Caring For An Older Pet Part 2 December 7, 2015 16:03

Adjustments and Changes

Nutrition and Diet

As your pet ages, you may need to change their diet, the amount of food, and the timing and frequency of meals. The general rule is that you need to feed an older pet small meals, more often. That way, you are giving their digestive process a constant work-out, without putting it under stress.


For older dogs, try three to four small meals a day. If your dog has diabetes or cancer, you may need to increase this to five or six, or to whatever is practical within the boundaries of your own lifestyle. Cats, too, will benefit from this routine, unless thay have always been fed on-demand.


Older animals are simply not as active as they once were. Excess body weight puts more pressure on their muscles and bones, increasing the chances of muscle frailty and arthritis. You will need to reduce the amount of food you are giving them.


Older animals need more water. Always make sure there is enough water in accessible locations (an older cat, for example, may need more bowls at ground level) and change their water daily. Water consumption indicates general health. Cats normally have very efficient kidney systems. A sudden or dramatic increase in water consumption may indicate physical changes that demand professional attention. Observe, too, any changes in your dog's drinking habits. A sudden change of habit can signal physical changes.

Always have water beside your pet's meals, especially if you give them dried food. Pets are often thirsty after dehydrated food. Older animals need extra hydration so add a little bit more water to their meals. If your pet has any form of cancer, kidney disease, auto-immune disorder or diabetes, spring water, distilled water or filtered water is advisable. We do not want to debate the issue of water quality, except to say that chemicals and toxins are present in our water supply, and pets with certain conditions need every opportunity to boost their immune systems to aid their chance of recovery.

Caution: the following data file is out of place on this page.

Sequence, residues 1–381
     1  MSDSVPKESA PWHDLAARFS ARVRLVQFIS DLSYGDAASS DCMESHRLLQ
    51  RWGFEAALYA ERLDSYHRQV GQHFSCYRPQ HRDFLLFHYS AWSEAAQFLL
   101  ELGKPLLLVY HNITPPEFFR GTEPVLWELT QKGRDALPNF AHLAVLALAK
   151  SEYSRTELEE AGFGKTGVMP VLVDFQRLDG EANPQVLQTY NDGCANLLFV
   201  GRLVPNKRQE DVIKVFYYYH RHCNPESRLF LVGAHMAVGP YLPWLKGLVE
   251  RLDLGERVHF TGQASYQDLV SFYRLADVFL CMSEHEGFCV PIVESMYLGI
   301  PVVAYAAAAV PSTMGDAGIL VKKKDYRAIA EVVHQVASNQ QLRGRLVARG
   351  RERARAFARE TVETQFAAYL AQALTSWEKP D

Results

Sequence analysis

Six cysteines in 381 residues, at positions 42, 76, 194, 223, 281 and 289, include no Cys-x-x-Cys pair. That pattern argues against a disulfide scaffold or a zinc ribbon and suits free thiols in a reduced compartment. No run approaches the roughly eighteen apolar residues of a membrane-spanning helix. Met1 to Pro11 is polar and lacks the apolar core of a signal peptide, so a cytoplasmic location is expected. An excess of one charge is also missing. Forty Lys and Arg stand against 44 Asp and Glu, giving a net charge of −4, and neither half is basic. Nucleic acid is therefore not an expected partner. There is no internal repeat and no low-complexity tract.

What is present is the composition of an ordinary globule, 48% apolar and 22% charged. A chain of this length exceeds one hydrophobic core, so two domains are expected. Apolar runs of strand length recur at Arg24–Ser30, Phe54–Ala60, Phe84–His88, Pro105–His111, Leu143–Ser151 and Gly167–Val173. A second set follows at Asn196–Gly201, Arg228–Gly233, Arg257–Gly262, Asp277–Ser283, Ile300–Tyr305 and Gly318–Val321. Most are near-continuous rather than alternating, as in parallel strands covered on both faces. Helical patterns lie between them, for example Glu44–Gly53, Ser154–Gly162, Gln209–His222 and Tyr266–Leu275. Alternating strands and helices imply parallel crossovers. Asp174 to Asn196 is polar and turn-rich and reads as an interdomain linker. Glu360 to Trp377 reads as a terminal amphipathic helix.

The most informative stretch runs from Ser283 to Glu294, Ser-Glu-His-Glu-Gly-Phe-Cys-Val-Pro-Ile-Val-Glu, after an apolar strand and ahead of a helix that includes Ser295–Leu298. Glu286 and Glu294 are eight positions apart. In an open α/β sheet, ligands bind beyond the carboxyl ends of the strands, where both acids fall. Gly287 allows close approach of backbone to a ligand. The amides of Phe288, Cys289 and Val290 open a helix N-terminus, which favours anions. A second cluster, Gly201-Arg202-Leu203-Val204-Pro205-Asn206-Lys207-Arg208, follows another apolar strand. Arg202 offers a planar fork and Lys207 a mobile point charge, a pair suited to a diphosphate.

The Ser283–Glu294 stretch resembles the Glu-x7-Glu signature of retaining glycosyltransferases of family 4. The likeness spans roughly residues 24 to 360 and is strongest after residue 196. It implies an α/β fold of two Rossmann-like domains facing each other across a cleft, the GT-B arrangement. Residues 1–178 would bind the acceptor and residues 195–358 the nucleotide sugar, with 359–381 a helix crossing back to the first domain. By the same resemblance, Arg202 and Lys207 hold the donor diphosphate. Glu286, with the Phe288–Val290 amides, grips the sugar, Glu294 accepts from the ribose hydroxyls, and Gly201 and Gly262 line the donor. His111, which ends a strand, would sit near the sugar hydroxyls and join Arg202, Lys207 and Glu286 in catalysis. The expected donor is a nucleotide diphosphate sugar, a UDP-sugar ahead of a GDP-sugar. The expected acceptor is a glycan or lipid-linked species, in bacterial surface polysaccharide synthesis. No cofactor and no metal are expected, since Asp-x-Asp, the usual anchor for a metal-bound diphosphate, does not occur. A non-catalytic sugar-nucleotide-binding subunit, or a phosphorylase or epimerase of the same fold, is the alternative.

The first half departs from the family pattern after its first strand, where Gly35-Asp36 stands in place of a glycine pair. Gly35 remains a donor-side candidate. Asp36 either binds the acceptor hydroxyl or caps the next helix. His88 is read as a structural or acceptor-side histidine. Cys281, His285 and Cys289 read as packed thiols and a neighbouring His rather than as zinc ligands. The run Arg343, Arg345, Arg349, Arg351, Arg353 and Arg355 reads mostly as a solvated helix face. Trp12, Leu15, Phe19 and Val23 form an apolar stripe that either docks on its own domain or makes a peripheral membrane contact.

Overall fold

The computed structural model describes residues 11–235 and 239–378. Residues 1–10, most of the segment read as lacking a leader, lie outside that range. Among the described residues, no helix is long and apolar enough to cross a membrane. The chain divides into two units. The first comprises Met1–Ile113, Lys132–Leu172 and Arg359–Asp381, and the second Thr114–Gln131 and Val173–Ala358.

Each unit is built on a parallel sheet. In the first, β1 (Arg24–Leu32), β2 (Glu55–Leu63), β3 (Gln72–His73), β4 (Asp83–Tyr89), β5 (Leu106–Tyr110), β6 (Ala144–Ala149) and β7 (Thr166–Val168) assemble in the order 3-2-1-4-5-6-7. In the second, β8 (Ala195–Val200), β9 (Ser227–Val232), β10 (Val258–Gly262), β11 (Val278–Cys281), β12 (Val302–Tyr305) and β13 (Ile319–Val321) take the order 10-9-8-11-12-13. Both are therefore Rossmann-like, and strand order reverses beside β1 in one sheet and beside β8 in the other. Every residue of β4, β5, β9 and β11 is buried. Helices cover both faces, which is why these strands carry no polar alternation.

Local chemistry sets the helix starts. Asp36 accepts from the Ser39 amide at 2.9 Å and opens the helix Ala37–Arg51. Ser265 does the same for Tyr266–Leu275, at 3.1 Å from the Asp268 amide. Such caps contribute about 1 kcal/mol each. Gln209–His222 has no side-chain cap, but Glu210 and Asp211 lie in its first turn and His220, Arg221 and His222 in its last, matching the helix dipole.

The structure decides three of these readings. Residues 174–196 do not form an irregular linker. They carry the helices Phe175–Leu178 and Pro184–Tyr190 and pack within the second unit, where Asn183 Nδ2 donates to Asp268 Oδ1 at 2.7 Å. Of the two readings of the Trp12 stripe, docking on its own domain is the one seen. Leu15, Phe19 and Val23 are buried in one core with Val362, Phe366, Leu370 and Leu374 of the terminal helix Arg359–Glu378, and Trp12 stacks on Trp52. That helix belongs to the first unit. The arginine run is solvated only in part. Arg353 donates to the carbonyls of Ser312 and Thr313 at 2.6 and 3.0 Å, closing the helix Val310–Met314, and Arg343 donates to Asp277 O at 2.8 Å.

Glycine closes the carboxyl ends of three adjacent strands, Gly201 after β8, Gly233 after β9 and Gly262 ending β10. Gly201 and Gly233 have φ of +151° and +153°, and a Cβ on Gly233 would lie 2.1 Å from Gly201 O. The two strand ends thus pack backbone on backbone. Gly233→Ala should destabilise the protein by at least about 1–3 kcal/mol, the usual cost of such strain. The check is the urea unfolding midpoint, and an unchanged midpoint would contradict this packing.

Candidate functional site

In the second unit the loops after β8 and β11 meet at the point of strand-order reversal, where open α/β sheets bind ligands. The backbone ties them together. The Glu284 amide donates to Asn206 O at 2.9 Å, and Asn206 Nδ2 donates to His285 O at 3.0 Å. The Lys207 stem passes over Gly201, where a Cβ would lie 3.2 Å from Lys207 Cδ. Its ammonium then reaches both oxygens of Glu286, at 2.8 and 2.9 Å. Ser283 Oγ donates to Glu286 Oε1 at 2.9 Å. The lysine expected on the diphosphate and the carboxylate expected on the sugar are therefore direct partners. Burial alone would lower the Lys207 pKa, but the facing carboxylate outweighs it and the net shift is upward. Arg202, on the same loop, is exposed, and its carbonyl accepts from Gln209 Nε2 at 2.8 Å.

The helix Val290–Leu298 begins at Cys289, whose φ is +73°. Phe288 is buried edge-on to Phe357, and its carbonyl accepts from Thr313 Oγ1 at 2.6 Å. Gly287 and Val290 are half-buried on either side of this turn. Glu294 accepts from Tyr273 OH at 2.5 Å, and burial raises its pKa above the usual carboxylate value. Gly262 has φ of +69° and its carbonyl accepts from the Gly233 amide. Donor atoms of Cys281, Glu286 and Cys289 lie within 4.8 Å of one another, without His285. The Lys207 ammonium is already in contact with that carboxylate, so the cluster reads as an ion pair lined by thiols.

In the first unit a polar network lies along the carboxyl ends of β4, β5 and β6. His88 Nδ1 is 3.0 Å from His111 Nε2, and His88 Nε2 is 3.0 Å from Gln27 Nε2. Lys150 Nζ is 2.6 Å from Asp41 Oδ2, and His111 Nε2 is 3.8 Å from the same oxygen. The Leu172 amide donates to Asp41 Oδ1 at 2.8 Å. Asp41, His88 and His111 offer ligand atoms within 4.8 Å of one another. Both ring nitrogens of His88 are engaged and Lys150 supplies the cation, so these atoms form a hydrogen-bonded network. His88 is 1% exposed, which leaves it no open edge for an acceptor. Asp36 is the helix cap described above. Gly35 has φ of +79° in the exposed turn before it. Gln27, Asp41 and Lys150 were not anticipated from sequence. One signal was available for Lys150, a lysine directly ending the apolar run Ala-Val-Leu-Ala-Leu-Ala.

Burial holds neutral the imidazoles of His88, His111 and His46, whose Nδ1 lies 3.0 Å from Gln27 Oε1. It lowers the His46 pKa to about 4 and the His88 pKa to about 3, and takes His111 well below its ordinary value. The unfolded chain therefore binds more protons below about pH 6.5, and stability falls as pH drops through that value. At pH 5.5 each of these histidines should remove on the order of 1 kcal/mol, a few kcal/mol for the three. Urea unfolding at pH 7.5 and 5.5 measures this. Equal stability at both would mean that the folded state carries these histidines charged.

Older pets are less able to tolerate saturated fats, chemical preservatives and processed foods. If you have fed them canned, dried or processed foods, now is the time to change. Introduce changes to discerning cats gradually.

Signs that you need to change a diet

The condition of your pet's faeces indicates how they are handling their diet. If your pet is constipated, has gas or dehydrated faeces, you need to increase their fluids. Conversely, if your pet has diarrhoea or is vomiting, you need to introduce a more natural diet.

Observe any changes or fluctuations in the condition of your pet's skin or coat. Eczema, hair loss and other skin or hair conditions should be first addressed by a change of diet - chicken, vegetables, rice, raw carrot and garlic (do not add garlic or other strong herbs if your pet is being treated homoeopathically). Provided that your pet does not have liver disease or cancer, evening primrose oil (in either tablet/capsule or oil form) and virgin cold-pressed safflower oil are recommended additives.

Older pets require less carbohydrate in their diet (because they are less active). Be careful of giving too much dried or dehydrated food, as it can cause constipation. Despite 'natural' claims, it is still processed and dehydrated. Bones can cause constipation - as your pet keeps chewing them, they take in air, which can upset their digestion. Remove the bone as soon as all the meat has been extracted.